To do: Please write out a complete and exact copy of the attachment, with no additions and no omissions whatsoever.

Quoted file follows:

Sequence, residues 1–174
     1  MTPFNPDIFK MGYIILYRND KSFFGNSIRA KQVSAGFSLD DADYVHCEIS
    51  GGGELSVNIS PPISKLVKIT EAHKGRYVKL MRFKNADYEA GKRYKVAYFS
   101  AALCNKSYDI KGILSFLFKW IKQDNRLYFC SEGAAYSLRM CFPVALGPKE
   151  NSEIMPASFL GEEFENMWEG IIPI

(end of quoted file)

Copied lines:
Sequence, residues 1–174
     1  MTPFNPDIFK MGYIILYRND KSFFGNSIRA KQVSAGFSLD DADYVHCEIS
    51  GGGELSVNIS PPISKLVKIT EAHKGRYVKL MRFKNADYEA GKRYKVAYFS
   101  AALCNKSYDI KGILSFLFKW IKQDNRLYFC SEGAAYSLRM CFPVALGPKE
   151  NSEIMPASFL GEEFENMWEG IIPI